• The ego ideal. This theory ties directly to Freud’s concept of the id, ego, and superego. According to the ego ideal theory, patients are not forthcoming because they want to present a particular image of themselves to their physician. For example, some patients may lie about sticking with a particular diet in order to avoid seeming like a “bad” person.
  • Fear of being a burden. Sometimes, patients will say they are fine or avoid bringing up health-related conversations in order to end a visit because they are afraid their health problems will burden their physician. Some patients may also do this if they feel rushed during a visit or if they spent a long time in the waiting room.

Additional Factors to Build Trust

Beyond social theory and patient preferences, the latter of which a physician has little control over, there are external factors physicians can mitigate in their practices to build patient trust:

  • Understanding the social determinants of health. Social determinants of health are a driver for patients’ trust in their physicians. Getting to know a patient and what may be their barriers to medical care can help physicians build trust. Before starting an exam, it can be helpful to talk to patients about their stress and help them address those factors if the patient expresses that their stress is high. Writing down particular details to bring up in a future visit can also show patients that their physicians were listening and are keeping track of their health.
  • Knowing cultural differences. Taking a few minutes to look at some studies regarding cultural differences can mean all the difference to a physician’s relationship with their patients. Culture determines what certain groups of people eat, what they wear, what they say, and their interactions with their physicians. Understanding these differences can help physicians communicate with their patients in a more effective manner.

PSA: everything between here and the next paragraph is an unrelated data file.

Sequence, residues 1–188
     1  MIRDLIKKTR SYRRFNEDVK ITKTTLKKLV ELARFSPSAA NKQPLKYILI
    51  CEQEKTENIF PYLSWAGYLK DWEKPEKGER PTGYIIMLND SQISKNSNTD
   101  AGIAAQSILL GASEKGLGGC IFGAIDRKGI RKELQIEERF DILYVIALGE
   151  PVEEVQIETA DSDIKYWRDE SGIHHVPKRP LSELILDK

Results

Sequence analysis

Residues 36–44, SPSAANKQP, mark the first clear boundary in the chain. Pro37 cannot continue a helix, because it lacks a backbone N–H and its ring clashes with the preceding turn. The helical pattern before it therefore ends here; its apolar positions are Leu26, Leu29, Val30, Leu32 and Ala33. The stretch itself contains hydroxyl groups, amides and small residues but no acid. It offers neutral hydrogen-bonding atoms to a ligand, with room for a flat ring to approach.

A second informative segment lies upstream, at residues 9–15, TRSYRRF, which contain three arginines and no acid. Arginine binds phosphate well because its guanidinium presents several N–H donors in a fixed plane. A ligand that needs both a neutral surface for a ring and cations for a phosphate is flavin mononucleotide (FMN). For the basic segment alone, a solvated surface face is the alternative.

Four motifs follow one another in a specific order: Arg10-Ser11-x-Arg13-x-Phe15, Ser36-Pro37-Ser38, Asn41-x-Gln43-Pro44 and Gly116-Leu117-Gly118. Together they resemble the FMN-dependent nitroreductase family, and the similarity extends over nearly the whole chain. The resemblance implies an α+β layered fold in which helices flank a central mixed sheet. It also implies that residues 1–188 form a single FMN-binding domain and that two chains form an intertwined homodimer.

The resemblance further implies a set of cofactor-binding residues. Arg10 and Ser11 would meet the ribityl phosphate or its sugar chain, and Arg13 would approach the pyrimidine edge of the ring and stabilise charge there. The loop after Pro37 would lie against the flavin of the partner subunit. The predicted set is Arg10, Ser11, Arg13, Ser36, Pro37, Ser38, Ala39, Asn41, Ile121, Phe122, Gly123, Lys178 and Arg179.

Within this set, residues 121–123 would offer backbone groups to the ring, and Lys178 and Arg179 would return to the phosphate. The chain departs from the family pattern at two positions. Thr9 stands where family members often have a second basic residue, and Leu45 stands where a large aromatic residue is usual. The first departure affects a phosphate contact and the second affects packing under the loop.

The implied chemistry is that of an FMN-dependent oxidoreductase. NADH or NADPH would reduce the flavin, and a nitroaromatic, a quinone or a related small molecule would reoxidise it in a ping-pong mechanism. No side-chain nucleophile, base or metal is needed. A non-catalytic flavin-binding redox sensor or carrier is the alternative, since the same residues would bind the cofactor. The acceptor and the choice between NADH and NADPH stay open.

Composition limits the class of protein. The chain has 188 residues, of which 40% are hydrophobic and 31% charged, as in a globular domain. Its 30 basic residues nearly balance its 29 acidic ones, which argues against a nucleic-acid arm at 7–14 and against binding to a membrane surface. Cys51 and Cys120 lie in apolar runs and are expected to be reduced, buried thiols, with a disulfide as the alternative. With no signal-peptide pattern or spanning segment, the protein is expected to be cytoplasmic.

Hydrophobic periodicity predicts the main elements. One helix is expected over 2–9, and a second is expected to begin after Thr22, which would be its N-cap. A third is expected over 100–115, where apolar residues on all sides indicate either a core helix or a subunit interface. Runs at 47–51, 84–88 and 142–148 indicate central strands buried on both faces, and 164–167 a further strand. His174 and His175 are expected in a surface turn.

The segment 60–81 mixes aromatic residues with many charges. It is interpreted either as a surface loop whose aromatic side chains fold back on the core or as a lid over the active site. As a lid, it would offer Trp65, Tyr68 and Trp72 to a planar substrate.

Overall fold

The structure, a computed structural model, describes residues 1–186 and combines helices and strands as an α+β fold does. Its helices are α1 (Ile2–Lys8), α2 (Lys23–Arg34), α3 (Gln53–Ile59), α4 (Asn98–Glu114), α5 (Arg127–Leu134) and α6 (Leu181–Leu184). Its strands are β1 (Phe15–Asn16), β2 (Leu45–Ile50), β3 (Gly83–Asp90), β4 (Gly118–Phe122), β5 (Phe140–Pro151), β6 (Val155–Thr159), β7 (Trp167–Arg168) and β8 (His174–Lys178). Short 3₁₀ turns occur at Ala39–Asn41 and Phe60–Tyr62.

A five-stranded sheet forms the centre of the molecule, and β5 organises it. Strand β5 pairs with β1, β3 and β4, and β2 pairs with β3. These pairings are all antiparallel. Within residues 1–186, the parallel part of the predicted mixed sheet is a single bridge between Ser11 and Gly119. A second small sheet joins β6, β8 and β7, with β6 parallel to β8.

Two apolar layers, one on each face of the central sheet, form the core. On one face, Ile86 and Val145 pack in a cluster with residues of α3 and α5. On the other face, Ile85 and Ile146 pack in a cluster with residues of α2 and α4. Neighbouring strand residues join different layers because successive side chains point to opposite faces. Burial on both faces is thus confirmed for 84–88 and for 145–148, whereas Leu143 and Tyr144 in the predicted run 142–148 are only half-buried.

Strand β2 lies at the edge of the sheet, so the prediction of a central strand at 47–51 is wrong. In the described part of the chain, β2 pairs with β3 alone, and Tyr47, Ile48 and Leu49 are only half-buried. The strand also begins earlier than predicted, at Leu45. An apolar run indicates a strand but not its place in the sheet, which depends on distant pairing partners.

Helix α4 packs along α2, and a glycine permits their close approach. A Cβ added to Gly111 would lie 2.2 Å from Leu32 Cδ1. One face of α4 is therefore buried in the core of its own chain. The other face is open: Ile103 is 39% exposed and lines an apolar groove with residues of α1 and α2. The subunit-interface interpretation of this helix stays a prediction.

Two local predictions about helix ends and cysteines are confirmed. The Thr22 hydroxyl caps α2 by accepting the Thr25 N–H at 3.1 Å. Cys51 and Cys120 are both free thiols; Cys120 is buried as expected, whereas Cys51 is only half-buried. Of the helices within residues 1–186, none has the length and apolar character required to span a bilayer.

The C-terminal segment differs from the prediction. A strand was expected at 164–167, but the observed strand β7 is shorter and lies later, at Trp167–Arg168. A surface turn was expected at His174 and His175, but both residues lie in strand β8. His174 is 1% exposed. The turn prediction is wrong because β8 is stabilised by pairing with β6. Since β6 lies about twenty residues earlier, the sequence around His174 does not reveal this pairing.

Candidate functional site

• Giving explicit instructions. Studies show that explicit instructions can help patients understand why they should be forthcoming with their physicians. Studies have shown that patients are more likely to comply when physicians tell them explicitly what they need to know and why. This is important not only to build rapport, but to motivate a patient to give their provider accurate details concerning their medical history. Additionally, discussing specifics with patients of different cultures can help alleviate anxiety. For example, in religions that prioritize modesty, female clinicians may be inclined to discuss why they need their female patient to remove a certain garment for their exam.
  • Assessing office processes. Long wait times and rushed visits in the office reduce the amount of time a patient has with their physician, decreasing patient trust. Adjusting office workflows to accommodate packed schedules, or simply asking your office staff to say, “Your wait time may be a bit longer than usual because our office is particularly busy today,” can help build trust and confidence before the patient even sees the physician.

It may take time for patients to develop trust in their physicians, but that doesn’t mean physicians must reorganize their whole practice to build it. Instead, turning visits into a conversation with a patient, rather than an interview, may be the best way to get a better sense of the patient’s condition and how they are doing. Ultimately, understanding the reasons behind a patients’ unwillingness to share their health concerns can help physicians obtain better health outcomes for their patients.